Indeed, for while the World Cinema Project is busy restoring Sembène’s classics, Gadjigo is working on finding a safe place for the director’s archive. He also has a dream of his own: to “shower” DVDs and Blu-rays of his documentary on the younger generation, particularly in Africa. Given Gadjigo’s main job is professor of French at Mount Holyoke college, just outside Boston, it’s not a surprising target group. “We hope to take it to high schools in the United States,” he enthuses. “And of course, funding permitting, we would like also to do that for African universities, high schools and also film schools, because many up-and-coming young filmmakers – and I do understand why – continue to look at the Hollywood model. The stardom, the money, the bling bling, the red carpets and so on. And we hope by showing Sembène’s example we’re going to have nice discussions, profound discussions about the social and political responsibility of the artists … they say to educate a child is to write on a rock, to educate an adult is like writing on water. So if you want to have a solid foundation of course children are first.”
Gadjigo and his Sembene! creative partner, Jason Silverman, have also fulfilled one of Sembène’s unfulfilled ambitions and hired a van and projector to screen the late director’s films in a remote Senegalese village. “The reception was just overwhelming,” remembers Gadjigo. “The film was not subtitled, it was not dubbed, it was in the original language, which the village understood. People were just mesmerised.”
For now though, Gadjigo is fully occupied with teaching and accompanying Sembene! on the film festival circuit. Since its premiere at the Sundance Film festival in April of this year, it’s popped up at Cannes, the BFI London Film Festival and comes to the Film Africa on 7 November. It’s also due to open in New York theatres at the same time. “Then of course we are going to have DVDs, Netflix, whatever… We are dreaming big!” says Gadjigo. “I mean, I’m in the United States where you have a lot of resources. Why should I make cinema à la Calabash? … We are shopping on a daily basis. And hopefully we will get international attention through the festivals, some distributors or networks.”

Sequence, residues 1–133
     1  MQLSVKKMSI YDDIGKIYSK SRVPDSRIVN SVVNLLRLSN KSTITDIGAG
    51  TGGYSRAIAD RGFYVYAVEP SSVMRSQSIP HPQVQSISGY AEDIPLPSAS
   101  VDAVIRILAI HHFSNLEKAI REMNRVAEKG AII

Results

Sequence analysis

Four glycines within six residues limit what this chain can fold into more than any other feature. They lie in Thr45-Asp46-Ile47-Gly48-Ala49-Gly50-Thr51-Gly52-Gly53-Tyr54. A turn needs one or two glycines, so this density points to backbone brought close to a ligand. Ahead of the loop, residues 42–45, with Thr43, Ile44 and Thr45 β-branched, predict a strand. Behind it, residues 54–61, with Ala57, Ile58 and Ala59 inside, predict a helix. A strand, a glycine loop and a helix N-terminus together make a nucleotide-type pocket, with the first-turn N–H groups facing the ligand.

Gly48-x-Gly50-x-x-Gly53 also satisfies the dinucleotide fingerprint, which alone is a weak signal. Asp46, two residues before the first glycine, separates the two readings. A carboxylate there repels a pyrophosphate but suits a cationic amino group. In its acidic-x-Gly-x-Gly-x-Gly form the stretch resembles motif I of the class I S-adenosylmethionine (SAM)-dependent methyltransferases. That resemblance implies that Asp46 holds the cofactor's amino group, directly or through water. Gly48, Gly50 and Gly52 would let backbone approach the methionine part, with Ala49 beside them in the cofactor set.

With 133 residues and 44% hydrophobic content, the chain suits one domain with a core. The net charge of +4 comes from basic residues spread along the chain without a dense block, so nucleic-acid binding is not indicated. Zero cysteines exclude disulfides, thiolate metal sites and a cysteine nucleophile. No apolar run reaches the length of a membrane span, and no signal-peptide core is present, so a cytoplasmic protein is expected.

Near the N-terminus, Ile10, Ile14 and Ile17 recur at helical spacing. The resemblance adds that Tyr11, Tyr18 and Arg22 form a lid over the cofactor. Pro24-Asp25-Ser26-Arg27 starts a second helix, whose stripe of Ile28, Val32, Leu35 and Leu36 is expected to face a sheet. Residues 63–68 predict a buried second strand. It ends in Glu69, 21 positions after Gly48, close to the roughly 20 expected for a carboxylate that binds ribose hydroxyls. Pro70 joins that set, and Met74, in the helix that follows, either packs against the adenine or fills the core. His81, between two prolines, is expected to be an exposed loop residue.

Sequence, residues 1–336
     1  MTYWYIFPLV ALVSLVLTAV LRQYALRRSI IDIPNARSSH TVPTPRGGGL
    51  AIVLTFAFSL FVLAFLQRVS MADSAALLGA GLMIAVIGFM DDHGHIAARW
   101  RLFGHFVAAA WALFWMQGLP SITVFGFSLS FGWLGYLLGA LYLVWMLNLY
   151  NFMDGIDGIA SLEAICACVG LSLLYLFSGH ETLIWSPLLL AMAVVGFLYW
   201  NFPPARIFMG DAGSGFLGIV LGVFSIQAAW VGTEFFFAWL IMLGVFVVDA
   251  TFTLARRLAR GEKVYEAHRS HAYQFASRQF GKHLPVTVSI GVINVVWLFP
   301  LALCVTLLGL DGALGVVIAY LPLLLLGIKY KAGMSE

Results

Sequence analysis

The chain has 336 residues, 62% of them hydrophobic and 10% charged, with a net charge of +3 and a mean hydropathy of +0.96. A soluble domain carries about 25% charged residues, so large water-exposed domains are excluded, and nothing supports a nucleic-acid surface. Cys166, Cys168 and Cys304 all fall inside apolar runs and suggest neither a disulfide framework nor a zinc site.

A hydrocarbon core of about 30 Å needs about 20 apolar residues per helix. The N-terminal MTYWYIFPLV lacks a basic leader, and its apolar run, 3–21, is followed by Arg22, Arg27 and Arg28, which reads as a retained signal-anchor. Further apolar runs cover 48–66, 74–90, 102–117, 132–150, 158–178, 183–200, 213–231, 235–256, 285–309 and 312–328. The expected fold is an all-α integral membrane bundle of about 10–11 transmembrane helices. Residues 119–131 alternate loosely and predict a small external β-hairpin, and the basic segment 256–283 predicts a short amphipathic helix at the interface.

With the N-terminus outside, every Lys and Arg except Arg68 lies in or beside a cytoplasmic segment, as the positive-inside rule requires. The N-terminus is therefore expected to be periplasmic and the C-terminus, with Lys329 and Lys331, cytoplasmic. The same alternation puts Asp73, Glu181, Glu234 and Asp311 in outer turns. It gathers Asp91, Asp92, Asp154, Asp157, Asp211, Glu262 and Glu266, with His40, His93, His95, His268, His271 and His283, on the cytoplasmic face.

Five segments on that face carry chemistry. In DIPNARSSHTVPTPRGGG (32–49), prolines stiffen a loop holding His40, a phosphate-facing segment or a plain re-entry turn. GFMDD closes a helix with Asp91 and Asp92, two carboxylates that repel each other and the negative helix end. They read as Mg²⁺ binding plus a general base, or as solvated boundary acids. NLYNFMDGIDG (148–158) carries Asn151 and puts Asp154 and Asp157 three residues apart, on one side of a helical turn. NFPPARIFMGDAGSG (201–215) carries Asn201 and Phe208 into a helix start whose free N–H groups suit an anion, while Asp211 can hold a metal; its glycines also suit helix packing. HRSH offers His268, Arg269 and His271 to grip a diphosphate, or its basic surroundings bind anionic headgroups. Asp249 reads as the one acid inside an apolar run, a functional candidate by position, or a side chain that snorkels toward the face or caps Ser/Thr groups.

And the hope is, all this attention this will inspire a resurgence in interest in Sembène’s oeuvre. Already most screenings of the Sembene! documentary are being paired or shown alongside one of Sembène’s own films, which far from being relics of a time long gone are startling fresh and relevant. “We can’t have an African film festival without talking about Sembène,” says Nsiah. “I mean if you think about the revolution that happened in Burkina Faso last year … The military dictatorship that the population of Burkina was able to overthrow … Sembène talked about this; about African leaders who were aligned with the French – and that’s exactly what [former president] Blaise Compaoré did. Can you believe that the currency in Burkina Faso is still aligned to the French Euro?
“I think there’s a shift happening on the continent really, not just in Burkina but I can also see in Ghana … the youth is looking for change and they’re particularly looking back at those pan-African leaders. So I think Sembène is very relevant.”
Gadjigo agrees: “I don’t think with Sembène’s [films] it’s a memory of a continent … the issues he dealt with are so timeless. All the issues he raised even in his first film Borom Saret in 1963 are still current in Africa. They resonate with a lot of people. Class issues, issues of marginalisation in the world … He was not the only one of his generation, but certainly when history of cinema is written certainly his name will be among the top in Africa and I think our younger generations should not forget that.”